The logical equation of variables following the decision block at the beginning of path 28 indicates the condition which causes controller 18 to pursue this path. When WWDRQ is false, the contents of the miss access register 14 and data holding register 12 are not to be used for writing to memory. When MAREN is 0, then the miss access register is not enabled for writing to it. Accordingly, the first step of path 28 is to enable writing into the miss access register. Next this register is loaded with the address from the bus, and the data from the bus is put in the data holding register 12. Then writing into the miss access register is inhibited to save its contents.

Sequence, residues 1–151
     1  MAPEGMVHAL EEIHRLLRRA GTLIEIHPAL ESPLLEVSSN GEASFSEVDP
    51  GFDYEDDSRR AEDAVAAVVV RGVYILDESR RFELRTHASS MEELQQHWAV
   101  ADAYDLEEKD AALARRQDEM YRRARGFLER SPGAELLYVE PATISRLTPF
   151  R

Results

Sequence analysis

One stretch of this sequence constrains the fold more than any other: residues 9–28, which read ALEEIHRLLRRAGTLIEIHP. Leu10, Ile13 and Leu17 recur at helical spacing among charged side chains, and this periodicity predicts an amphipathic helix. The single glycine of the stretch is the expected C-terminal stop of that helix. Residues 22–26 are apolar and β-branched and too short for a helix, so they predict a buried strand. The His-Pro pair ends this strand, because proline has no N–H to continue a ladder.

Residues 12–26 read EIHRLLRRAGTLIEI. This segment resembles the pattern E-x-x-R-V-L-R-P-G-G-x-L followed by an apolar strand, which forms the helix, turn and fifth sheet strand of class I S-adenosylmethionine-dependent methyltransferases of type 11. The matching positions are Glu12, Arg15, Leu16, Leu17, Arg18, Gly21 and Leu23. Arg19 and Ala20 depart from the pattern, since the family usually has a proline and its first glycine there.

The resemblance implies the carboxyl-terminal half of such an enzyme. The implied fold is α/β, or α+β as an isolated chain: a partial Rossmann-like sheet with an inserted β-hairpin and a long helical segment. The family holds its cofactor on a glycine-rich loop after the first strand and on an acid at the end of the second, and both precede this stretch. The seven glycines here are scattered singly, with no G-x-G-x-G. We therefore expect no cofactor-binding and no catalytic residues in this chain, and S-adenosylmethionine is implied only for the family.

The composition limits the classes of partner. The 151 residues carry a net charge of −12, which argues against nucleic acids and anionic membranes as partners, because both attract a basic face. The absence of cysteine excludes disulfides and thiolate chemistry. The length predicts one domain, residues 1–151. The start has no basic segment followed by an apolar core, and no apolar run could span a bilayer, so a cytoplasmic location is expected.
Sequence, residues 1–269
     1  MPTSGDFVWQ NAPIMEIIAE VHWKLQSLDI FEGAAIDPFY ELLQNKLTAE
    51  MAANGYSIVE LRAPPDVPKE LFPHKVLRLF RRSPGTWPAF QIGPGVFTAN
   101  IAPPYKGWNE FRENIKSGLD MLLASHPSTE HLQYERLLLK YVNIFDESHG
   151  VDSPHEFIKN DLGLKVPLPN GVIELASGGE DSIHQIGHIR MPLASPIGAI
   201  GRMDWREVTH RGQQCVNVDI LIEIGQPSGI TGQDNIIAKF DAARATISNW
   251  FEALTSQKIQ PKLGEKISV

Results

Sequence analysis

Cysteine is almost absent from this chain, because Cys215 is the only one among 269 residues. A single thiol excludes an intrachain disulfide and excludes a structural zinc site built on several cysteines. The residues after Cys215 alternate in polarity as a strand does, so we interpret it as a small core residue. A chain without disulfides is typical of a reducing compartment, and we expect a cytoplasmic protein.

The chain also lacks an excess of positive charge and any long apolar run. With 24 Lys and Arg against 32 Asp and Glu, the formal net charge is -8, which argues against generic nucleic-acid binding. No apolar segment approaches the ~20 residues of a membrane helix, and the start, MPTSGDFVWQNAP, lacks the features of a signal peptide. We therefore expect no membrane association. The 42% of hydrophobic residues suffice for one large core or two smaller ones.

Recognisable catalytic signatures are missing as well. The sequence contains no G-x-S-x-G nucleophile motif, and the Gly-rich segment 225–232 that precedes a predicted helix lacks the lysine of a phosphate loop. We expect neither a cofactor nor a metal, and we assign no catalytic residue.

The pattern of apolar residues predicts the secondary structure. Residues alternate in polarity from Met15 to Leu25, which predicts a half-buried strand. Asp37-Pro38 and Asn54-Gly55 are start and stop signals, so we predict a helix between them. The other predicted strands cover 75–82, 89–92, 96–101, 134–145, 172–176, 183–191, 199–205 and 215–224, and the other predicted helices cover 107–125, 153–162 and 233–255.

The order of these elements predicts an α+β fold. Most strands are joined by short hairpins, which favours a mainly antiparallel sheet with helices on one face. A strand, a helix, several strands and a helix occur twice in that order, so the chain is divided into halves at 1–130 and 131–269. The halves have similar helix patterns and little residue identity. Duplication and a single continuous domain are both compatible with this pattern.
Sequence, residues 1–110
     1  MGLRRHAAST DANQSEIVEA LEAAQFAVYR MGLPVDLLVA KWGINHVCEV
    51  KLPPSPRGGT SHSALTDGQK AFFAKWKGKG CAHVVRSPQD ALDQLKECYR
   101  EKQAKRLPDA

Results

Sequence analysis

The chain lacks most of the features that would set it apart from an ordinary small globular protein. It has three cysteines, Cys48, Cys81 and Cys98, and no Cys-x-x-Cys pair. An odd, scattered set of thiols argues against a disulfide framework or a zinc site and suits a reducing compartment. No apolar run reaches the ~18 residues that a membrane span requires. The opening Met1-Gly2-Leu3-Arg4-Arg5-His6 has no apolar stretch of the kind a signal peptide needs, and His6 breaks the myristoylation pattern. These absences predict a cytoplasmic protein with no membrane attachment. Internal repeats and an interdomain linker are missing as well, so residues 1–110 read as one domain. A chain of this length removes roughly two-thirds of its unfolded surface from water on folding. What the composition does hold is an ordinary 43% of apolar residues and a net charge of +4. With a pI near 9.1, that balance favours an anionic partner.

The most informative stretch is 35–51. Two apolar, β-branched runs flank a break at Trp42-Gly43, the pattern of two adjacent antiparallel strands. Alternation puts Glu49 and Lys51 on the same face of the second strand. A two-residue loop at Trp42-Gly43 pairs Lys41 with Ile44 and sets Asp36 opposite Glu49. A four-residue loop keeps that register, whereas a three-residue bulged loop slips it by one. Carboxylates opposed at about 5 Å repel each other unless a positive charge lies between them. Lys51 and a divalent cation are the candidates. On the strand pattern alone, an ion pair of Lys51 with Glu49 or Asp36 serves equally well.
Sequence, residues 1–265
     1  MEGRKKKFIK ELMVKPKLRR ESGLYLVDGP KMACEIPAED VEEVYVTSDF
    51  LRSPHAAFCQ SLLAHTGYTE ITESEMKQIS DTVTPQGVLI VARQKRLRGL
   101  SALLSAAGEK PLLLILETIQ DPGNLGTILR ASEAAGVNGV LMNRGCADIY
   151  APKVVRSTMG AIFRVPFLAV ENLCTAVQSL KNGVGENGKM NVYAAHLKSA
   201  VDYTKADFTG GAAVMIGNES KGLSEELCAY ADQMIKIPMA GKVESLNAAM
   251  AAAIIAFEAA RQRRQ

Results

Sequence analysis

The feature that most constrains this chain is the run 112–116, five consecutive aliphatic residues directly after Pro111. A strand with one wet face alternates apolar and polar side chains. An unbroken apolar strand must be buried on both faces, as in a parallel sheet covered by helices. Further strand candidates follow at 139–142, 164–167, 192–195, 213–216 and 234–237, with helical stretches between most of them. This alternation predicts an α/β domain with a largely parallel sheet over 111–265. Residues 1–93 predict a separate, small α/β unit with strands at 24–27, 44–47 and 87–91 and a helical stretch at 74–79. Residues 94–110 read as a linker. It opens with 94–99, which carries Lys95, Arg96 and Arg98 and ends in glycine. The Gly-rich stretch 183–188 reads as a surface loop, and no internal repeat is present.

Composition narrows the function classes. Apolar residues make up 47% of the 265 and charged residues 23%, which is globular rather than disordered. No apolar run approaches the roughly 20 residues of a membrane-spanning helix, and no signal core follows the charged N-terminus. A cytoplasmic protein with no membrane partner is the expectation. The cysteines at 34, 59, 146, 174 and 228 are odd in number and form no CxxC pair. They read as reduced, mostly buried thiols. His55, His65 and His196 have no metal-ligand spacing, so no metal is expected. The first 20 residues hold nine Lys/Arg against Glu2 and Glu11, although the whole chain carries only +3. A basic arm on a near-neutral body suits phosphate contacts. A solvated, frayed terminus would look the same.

At the end of path 28, apparatus 10 sends a slave sync signal onto the peripheral bus to indicate that it has completed processing the command received on the bus from the peripheral device. This process is illustrated in FIG. 5. In the uppermost waveform of FIG. 5, a bus busy signal goes active false, indicating that a peripheral device has control of the peripheral bus. In the next trace, a master sync signal becomes active false as the peripheral device sends a command on the bus. In the example shown, the particular command is to write a word to memory, and the first word sent is designated word 0. In the bottom trace of FIG. 5, the slave sync signal is set active false by apparatus 10, as in state 29 of the controller path 28, signifying that apparatus 10 has completed processing the command from the peripheral device. As seen in FIG. 5, the master sync signal is set at 1, inactive when the peripheral device receives the active slave sync signal. As shown in FIG. 4, the receipt of the master sync signal by apparatus 10 causes controller 18 to leave state 29 and return to the idle state.